Part of the problem is an inclination towards blue chip, a discipline which is difficult to execute well.

‘Look at what you’re giving up to do one of those programs: You’re living in a remote part of the country for years. You either take your family with you or you probably end up divorced. If you do want your family around you, there’s a whole new set of parameters around how you can do that. You don’t have an enormous amount of people who have the ability and the desire to do blue chip.’

Few entities can even attempt the budgets called for to turn out cutting-edge blue chip. While the BBC isn’t forthcoming about some of its budgets, industry sources place productions like Walking With Dinosaurs at a million and a half dollars an hour. Competing with those resources is difficult.

‘You can’t put together budgets like that. I would suggest that there are only two or three places in the world who can. They keep lowering the limbo stick. It makes it bloody difficult, because whatever money you’ve got, you’ve got to make programs where the audience can’t tell that this one cost a million, and this one cost half a million, and this one cost a tenth of a million. The audience isn’t going to know that. They’re just going to look at it and think: Did I like this program? You’re all up there competing for the audience. You’re all up there hoping to be broadcast into the most places. It makes life very tough. But then again, one could just be envious.’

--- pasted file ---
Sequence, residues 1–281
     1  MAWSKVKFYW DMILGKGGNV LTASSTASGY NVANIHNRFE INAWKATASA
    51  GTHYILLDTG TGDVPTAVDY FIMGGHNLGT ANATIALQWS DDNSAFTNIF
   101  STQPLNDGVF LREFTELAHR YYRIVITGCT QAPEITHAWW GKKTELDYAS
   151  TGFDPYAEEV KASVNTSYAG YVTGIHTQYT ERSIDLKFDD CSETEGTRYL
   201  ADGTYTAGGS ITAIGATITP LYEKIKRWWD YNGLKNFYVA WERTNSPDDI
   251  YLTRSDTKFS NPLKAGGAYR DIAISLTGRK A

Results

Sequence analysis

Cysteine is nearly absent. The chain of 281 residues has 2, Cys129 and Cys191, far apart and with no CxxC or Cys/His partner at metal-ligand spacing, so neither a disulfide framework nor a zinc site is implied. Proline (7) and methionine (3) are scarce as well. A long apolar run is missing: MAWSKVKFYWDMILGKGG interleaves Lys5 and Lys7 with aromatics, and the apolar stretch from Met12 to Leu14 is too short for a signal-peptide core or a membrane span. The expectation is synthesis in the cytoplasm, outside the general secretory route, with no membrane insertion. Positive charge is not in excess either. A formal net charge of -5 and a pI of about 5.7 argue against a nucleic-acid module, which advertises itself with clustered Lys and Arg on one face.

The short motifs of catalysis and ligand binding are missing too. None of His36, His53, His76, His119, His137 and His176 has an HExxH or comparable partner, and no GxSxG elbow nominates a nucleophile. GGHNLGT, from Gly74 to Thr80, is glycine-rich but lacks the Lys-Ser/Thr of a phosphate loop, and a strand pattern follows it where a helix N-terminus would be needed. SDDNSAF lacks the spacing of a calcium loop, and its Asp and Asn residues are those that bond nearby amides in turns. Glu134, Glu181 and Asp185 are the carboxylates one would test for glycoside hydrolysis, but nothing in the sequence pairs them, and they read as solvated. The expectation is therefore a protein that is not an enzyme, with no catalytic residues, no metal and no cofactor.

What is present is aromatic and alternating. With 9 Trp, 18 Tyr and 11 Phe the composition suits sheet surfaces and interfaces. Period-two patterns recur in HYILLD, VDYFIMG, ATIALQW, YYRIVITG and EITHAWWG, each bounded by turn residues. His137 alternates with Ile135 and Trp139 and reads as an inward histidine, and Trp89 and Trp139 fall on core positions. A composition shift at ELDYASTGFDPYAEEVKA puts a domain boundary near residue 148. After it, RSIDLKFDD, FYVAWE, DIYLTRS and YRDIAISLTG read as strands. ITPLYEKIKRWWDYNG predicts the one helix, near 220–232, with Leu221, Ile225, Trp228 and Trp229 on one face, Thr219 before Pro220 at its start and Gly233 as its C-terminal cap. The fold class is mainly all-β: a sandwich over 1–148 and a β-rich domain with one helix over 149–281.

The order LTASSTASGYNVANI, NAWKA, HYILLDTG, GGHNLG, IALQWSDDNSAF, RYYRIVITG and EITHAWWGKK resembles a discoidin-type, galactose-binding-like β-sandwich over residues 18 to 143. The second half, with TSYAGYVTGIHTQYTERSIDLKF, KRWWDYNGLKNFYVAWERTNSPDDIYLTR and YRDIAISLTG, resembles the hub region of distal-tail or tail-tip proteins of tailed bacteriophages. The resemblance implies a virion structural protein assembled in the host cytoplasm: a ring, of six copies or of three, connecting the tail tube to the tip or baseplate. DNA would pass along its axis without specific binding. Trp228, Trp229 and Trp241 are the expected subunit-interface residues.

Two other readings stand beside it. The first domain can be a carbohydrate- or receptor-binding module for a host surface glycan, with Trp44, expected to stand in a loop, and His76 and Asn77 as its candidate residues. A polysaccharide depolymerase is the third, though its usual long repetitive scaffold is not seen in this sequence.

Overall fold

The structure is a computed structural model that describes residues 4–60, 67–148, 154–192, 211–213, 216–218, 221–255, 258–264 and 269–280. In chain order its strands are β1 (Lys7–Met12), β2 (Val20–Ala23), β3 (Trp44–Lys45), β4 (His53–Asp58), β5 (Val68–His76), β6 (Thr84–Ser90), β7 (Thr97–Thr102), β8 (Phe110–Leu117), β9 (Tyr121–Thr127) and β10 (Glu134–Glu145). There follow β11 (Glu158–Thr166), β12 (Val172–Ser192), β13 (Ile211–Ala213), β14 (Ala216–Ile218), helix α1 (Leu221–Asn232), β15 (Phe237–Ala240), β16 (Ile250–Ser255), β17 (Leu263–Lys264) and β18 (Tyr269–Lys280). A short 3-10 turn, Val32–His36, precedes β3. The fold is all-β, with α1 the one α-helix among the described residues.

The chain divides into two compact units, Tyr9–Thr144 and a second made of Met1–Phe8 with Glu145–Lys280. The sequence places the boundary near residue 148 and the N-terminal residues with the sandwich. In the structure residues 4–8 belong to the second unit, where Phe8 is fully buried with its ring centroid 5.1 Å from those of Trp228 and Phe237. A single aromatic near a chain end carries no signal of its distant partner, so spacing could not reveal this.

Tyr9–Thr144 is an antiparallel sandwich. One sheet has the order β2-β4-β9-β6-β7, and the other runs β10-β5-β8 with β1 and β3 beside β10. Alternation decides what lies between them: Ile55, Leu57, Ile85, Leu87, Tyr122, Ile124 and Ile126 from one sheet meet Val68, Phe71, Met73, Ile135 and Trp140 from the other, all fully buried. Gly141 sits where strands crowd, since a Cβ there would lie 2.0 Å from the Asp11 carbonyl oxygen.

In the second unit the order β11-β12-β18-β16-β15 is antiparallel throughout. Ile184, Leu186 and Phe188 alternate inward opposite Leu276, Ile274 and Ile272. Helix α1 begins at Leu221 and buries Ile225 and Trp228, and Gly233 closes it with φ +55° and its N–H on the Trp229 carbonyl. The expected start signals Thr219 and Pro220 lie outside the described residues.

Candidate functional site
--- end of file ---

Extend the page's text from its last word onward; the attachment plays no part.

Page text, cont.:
Inevitably, it means turning from blue chip to less expensive alternatives. Although Gilmour believes the appetite for magazine formats is limited in Australia, she understands the importance of reaching a broad audience and that demands a pragmatic stance on non-traditional formats.

‘They’re there to fill up the mouth of that voracious monster that sits in the corner of your living room. They’re there to give people vicarious thrills at times, and to frighten the shit out of us. Why can’t you look at nat history the same way?’

Unlike many in her field, Gilmour doesn’t shun any format, even if she prefers not to work within them herself. ‘Should we be censoring? I don’t think we should. I think we should leave ourselves open.’